Previously on PathWatch we highlighted an environmentally damaging proposal to construct a permanent vehicular access track to Black Moss & Swellands Reservoirs in the Kirklees bit of the Peak Park.
The proposal was turned down at the Peak Park Planning Committee on 6th August 2021 on the following grounds.
The public safety issue does not create an Imperative Reason of Over-riding Public Interest justifying a permanent track through the Natural Zone;
Alternative solutions have not been explored thoroughly enough given what is understood to be required (in terms of building work and regular maintenance) such that the requirement to demonstrate that there are no alternative solutions has not been fully made out to the satisfaction of members, in particular by use of a temporary track; and
Insufficient satisfaction that the proposals would result in acceptable impacts on this peatland habitat and in particular on nesting birds.
The committee item can be viewed here . Well done to the Peak District National Park!
Clues to the widths and status to some local public rights of way can be found (if you are lucky) in the in the Graveship of Holme Inclosure Awards. These awards came about as a result of the Graveship of Holme Inclosure Act of 1828. The Act is available online here but the awards are only available at the archives in Huddersfield Library.
Among the awards of land are awards of many local public highways, including some footpaths and bridleways. It’s clear from even a casual peek that there can be a glaring difference between what is awarded by act of parliament back in 1828 and what was subsequently recorded on the local Definitive Map & Statement as a result of the 1949 National Parks & Access to the Countryside Act. These differences can be significant. A bridleway some 30 feet in width recorded in the Inclosures of 1828 can be shown as a public footpath 4 feet wide on the Kirklees Definitive Map & Statement.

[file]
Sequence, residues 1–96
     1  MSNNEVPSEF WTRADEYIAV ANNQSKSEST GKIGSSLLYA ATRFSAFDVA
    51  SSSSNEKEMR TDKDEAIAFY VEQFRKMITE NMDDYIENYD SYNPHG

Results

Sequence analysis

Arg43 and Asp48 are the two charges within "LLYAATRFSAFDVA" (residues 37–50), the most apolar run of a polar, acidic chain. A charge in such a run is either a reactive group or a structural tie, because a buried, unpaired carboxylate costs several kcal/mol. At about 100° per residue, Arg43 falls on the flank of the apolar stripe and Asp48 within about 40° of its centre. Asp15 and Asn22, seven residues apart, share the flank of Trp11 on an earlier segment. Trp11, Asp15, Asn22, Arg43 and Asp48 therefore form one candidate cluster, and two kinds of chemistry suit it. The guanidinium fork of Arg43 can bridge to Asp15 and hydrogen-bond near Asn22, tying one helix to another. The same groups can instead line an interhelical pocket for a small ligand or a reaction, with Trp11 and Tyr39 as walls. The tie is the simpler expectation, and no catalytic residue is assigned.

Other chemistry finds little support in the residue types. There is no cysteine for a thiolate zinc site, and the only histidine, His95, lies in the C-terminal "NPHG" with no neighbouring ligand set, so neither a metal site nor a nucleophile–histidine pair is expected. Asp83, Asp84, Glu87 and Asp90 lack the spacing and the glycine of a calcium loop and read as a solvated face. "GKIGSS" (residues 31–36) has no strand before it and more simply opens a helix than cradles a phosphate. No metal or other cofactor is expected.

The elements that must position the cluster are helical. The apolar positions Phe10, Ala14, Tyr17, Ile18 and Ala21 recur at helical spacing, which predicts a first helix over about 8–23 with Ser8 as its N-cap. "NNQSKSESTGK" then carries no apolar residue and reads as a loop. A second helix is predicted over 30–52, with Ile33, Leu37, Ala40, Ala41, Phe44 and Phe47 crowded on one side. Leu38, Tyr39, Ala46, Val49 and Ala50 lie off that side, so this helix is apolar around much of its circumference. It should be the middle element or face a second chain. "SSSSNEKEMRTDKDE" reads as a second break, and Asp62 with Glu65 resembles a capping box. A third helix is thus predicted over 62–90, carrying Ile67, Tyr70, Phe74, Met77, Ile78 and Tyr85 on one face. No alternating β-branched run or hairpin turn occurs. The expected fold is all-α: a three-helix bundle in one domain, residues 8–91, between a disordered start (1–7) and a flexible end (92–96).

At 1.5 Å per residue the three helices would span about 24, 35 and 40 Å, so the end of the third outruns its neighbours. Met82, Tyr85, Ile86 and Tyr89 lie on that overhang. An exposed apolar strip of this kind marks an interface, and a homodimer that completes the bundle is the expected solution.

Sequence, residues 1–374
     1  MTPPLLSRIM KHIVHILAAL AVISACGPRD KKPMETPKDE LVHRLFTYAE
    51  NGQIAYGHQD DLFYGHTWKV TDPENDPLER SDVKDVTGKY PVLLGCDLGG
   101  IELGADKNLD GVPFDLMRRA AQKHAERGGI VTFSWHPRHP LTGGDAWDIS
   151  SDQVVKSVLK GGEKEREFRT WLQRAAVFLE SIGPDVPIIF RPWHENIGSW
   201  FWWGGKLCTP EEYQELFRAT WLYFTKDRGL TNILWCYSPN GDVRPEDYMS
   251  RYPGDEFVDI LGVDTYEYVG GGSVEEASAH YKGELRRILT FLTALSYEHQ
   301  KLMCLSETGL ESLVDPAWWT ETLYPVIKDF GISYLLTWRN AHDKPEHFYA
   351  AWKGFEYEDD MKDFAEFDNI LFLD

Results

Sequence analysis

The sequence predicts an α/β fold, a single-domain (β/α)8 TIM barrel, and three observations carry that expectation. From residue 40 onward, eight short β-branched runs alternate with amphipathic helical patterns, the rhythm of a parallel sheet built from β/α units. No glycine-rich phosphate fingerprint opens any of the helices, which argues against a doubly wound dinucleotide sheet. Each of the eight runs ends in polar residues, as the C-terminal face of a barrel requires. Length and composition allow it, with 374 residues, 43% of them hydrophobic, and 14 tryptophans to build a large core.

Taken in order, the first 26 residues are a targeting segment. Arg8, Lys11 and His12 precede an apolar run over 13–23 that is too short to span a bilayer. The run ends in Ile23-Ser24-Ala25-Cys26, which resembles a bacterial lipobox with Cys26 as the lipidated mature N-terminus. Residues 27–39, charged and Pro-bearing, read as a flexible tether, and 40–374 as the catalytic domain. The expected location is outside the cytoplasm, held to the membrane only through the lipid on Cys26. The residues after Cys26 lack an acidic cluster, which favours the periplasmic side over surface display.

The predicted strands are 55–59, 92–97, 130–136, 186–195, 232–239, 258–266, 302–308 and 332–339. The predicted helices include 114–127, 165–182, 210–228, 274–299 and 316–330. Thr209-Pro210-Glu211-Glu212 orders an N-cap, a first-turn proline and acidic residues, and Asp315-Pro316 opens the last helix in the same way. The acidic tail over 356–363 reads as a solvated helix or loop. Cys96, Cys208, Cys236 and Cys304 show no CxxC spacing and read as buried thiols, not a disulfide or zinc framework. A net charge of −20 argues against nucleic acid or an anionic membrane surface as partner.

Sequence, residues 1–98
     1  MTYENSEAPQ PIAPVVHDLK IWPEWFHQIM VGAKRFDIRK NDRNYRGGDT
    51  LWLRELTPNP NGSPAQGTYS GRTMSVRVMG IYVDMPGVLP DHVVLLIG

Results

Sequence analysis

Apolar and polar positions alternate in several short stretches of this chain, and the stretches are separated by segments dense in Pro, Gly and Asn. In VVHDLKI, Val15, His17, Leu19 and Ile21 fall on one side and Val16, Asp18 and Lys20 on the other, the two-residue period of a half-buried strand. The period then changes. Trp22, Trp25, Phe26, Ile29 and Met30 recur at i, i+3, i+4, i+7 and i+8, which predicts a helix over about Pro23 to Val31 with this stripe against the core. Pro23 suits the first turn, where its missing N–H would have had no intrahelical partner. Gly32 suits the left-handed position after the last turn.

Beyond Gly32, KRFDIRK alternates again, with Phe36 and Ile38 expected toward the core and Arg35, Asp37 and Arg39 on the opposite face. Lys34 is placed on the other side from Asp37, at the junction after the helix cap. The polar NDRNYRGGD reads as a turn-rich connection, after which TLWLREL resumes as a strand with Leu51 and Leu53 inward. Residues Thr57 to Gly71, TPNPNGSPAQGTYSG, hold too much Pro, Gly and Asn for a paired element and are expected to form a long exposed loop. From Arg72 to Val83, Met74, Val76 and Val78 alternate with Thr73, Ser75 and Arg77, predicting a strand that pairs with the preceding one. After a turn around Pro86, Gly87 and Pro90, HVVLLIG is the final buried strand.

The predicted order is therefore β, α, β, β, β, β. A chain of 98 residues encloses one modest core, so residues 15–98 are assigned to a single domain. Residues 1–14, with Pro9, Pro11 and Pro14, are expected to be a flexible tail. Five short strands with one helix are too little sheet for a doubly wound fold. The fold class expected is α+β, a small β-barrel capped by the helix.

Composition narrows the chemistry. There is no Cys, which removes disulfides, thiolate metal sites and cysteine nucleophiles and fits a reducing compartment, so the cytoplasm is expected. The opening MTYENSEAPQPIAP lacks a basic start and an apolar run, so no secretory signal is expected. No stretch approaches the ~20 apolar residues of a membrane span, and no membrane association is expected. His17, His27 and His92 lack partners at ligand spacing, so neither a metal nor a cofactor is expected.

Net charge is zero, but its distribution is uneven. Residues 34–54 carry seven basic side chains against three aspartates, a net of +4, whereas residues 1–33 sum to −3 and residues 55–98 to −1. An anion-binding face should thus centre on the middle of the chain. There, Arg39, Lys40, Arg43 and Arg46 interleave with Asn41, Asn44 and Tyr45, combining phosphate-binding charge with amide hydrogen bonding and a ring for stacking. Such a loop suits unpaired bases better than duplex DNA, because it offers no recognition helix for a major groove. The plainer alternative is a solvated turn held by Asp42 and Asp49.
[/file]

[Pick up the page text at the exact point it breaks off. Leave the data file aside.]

Every day local government shadiness , incompetence and disinterest probably explain the discrepancies. It is clear from The West Riding Memo and The Great Prow Swindle that West Riding Council actively set out to limit the widths of public rights of way to the bare minimum whilst happily recording footpaths rather than bridleways.
There’s certainly a case for Kirklees and the other ex West Riding authorities to completely review every right of way which was historically enclosed between walls for accuracy of both width and status at the very least. Of course this will not be done. They are busy looking the other way until the 2026 deadline for historical evidence imposed by the CROW Act gets them off the hook. As ever this work is left to volunteers.